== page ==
Using instrumental variables to estimate the attributable fraction

Stat Methods Med Res. 2020 Aug;29(8):2063-2073. doi: 10.1177/0962280219879175. Epub 2019 Oct 23.


In order to design efficient interventions aimed to improve public health, policy makers need to be provided with reliable information of the health burden of different risk factors. For this purpose, we are interested in the proportion of cases that could be prevented had some harmful exposure been eliminated from the population, i.e. the attributable fraction. The attributable fraction is a causal measure; thus, to estimate the attributable fraction from observational data, we have to make appropriate adjustment for confounding. However, some confounders may be unobserved, or even unknown to the investigator. A possible solution to this problem is to use instrumental variable analysis. In this work, we present how the attributable fraction can be estimated with instrumental variable methods based on the two-stage estimator or the G-estimator. One situation when the problem of unmeasuredconfounding may be particularly severe is when assessing the effect of low educational qualifications on coronary heart disease. By using Mendelian randomization, a special case of instrumental variable analysis, it has been claimed that low educational qualifications is a causal risk factor for coronary heart disease. We use Mendelian randomization to estimate the causal risk ratio and causal odds ratio of low educational qualifications as a risk factor for coronary heart disease with data from the UK Biobank. We compare the two-stage and G-estimator as well as the attributable fraction based on the two estimators. The plausibility of drawing causal conclusion in this analysis is thoroughly discussed and alternative genetic instrumental variables are tested.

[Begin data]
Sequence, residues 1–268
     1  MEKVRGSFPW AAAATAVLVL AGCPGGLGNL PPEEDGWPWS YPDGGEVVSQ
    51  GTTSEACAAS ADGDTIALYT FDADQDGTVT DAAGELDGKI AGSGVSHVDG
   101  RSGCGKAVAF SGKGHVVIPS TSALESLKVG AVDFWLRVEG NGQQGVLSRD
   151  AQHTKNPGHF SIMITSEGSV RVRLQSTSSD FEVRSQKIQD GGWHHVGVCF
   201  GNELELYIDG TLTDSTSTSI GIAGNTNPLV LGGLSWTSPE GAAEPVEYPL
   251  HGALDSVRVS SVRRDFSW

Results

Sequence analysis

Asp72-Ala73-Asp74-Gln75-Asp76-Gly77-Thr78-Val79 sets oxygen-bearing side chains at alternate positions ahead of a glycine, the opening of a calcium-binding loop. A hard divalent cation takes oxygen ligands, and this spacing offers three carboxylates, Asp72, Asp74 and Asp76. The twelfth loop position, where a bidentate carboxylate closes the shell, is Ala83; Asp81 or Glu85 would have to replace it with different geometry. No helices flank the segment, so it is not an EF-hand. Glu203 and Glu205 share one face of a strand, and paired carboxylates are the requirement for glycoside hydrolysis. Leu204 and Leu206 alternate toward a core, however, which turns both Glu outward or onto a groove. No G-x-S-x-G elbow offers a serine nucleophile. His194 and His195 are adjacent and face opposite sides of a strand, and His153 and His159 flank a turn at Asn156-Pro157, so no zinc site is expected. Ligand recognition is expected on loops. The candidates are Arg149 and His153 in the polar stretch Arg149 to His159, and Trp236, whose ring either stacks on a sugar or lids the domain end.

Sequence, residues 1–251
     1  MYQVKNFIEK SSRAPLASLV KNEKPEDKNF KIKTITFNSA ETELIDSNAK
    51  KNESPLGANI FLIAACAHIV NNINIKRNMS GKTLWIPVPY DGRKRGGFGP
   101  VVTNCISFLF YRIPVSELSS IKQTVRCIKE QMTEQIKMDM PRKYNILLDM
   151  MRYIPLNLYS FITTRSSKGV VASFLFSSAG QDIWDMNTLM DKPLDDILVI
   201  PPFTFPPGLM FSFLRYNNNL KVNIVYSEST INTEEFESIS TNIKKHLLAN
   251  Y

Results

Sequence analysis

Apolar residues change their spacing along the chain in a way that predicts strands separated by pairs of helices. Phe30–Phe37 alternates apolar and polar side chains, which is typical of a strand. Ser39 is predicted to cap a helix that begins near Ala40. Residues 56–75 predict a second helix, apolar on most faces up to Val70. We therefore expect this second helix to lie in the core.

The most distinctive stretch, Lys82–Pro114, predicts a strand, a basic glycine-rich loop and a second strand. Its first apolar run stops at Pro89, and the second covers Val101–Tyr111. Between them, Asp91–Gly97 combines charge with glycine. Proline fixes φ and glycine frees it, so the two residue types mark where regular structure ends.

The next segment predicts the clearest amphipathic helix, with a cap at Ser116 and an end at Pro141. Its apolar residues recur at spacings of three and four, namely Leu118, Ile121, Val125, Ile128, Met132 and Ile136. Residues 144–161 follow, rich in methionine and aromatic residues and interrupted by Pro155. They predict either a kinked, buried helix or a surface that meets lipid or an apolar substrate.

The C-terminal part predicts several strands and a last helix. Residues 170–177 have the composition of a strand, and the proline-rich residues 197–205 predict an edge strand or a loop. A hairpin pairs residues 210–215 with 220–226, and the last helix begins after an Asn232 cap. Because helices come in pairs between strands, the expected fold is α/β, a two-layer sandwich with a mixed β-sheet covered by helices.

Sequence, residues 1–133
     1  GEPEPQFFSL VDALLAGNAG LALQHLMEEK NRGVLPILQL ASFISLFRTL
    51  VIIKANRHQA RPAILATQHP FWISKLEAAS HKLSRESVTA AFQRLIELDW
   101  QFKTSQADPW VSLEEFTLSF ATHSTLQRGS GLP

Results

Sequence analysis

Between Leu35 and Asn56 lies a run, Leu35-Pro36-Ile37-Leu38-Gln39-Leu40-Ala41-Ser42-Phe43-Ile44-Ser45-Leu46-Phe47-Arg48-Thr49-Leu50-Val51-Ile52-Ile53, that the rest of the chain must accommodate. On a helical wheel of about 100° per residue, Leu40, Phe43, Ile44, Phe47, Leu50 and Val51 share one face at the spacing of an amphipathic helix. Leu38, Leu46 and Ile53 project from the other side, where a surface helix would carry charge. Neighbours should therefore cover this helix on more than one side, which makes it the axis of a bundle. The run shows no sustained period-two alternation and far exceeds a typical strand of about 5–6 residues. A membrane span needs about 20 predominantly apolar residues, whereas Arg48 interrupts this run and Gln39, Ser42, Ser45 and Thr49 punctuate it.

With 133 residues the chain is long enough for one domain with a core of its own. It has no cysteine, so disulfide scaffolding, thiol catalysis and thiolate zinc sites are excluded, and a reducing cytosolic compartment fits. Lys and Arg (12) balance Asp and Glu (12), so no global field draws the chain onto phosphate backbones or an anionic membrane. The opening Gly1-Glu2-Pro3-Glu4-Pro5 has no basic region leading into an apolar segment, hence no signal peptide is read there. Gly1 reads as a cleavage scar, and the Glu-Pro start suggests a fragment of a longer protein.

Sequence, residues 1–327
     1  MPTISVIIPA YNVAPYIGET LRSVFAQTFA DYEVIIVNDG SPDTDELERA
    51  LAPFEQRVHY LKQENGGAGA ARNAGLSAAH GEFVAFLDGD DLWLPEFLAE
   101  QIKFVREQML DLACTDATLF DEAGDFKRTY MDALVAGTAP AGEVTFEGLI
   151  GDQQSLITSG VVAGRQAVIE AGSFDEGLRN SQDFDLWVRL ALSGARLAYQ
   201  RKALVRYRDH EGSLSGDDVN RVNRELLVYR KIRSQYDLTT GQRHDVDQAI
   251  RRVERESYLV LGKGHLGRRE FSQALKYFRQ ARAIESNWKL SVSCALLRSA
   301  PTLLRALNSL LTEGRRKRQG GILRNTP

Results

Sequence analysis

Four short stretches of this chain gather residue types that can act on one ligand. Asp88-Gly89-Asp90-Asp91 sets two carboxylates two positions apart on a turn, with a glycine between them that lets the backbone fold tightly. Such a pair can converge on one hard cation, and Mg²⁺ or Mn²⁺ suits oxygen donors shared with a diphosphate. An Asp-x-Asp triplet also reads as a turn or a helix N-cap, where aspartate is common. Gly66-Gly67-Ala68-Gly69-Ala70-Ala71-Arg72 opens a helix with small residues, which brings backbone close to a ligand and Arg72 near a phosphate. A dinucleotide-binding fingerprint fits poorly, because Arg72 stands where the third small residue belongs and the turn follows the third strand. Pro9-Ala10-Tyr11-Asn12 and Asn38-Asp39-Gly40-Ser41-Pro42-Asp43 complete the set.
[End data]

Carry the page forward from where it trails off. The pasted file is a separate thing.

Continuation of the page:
Keywords: Attributable fraction; G-estimator; Mendelian randomization; binary outcomes; causal inference; coronary heart disease; educational qualifications; instrumental variable; two-stage estimator; unmeasured confounding.

Publication types

  • Research Support, Non-U.S. Gov't